The Birdman of Alca-… (sorry) Helen Hill
Harry Passino, man about town, knew everyone; everyone knew him; great personality. He was a car dealer and salesman for many years. I first heard these words, “I’ll sharpen my pencil and see if we can make a deal,” when I was buying a car from Harry when he was a salesmen for Carl Chevrolet.
But boy, did he get in a jam at his residence on Helen Street; dragged into court … well, not actually. Dragged before the village board, acting as the Board of Health, and he hired Harold Soden, the best lawyer in the North Country, to defend him.
What was he charged with, you ask? Feeding the birds.
Judge Harold Soden had retired as a state Supreme Court judge (1960-1988); this was 1990. He had served as Essex County district attorney, North Elba town supervisor and served in the Marines during World War II.
He could wither the opposition with one look.
I worked for Judge Soden for one year, when he was appointed as receiver by Key Bank when the bank foreclosed on the Lake Placid Club. I had served as general manager for club owner John Swaim, so the bank kept me on, guessing that I knew where the skeletons were buried.
When I received a call to come to a meeting at the Key Bank branch office in Lake Placid to meet Judge Soden, I was shaking in my boots. I had heard many stories about how tough the judge could be.
Sitting at a conference table at the bank, someone introduced me to the good judge, who stared down the table at me and said: “Let’s get this straight, Mr. Riley: I’m the boss.” I answered, “Yessir, Judge, I understand.”
Later, I left the bank thinking, “Man, this is going to be tough.” The next morning I met with Judge Soden at the club, and after giving me a list of club business documents that he would need, he turned to me and said, “Now, Howard, is there anything I can do for you? Is the bank paying you the salary you should be getting? Do you need more help in any department? Is there any problem that you want me to address right now?”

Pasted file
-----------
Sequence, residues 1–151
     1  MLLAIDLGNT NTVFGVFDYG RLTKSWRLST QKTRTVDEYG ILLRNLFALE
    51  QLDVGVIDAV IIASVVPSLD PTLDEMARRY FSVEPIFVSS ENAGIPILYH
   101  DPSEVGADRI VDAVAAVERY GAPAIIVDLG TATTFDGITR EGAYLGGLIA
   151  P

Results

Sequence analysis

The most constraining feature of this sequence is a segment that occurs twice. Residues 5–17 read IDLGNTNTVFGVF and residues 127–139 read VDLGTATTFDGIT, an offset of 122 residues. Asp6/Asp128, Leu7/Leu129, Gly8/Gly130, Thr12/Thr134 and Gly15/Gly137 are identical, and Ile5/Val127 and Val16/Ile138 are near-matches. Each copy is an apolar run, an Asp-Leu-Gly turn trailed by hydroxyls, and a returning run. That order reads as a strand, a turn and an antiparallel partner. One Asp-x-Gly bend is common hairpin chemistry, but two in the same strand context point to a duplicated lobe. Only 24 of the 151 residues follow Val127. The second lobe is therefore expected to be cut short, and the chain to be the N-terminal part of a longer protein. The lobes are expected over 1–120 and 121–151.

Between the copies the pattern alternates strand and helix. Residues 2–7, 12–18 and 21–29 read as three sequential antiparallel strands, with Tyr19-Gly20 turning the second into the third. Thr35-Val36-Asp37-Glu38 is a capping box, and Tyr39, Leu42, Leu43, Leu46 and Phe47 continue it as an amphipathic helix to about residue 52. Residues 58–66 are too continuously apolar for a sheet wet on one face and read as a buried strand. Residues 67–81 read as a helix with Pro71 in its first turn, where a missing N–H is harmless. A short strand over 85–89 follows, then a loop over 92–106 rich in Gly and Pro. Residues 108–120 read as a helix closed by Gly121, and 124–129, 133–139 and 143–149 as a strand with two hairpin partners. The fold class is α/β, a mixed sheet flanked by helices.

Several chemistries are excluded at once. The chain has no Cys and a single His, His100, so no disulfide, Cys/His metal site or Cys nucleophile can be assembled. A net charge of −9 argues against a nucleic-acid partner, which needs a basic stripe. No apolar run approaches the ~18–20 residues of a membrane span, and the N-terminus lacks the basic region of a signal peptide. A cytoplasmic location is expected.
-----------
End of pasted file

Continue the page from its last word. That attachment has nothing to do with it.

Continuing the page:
I told him everything was good with me; I learned so much in that year, and the judge turned out to be one of the nicest guys I ever worked for — and he was a better storyteller than me.
This is for the birds
Excerpts from the Enterprise story — no byline, no date:
“The village board and the man whose daily bird feeding ritual has created controversy came to a compromise Monday night that pleased both sides.
“Harry Passino, the village’s notorious duck and pigeon feeder, will continue to feed his feathered friends until May 15 — but at the Saranac Lake Fish and Game Club, just outside the village limits.
“The two parties reached the solution Monday night, before a public hearing that had been scheduled to address the problem.
“After the session, Judge Soden said, ‘it’s the only thing that could be done.’ As part of the compromise the board decided not to charge Passino any fines that could have been imposed on him.
“Passino, who has been feeding the ducks in the village for many years without a flap, was cited for violating a section of the state sanitary code that prohibits feeding animals on the ground in an unenclosed container.
“Downtown business owners had complained to the village that the pigeons attracted to the feed were destroying their buildings.
“Passino continued feeding the birds despite being warned to stop by the local health officer. Because he refused to heed the repeated warnings he was brought before the board.
“The Fish and Game Club entered the picture out of concern for the wild ducks. Club members said the migratory pattern of the ducks, which normally fly south for the winter, is being interrupted, since food is available in the village.
“Worried that the ducks would starve to death if the feeding stopped in the middle of the winter, the club offered a feeding platform to the village so the birds could be fed legally. Club members agreed to let Passino feed the birds at the Club on the Bloomingdale Road until May 15 when the birds ought to be able to fend for themselves.
“Passino said, ‘After May 15, if I can do it legally, I’ll still do it.’ He has built a feeding platform on his own property on Helen Street.
“Judge Soden said part of the village’s problem is the fact that the Saranac River does not freeze solid in the winter, and the ducks are attracted to the open water.”
Last week I identified police officers making an arrest and said that Gil Miron and Don Fina were later chiefs of the Saranac Lake Police Department. Also shown was Officer Norris Aubin, who was also later SLPD chief.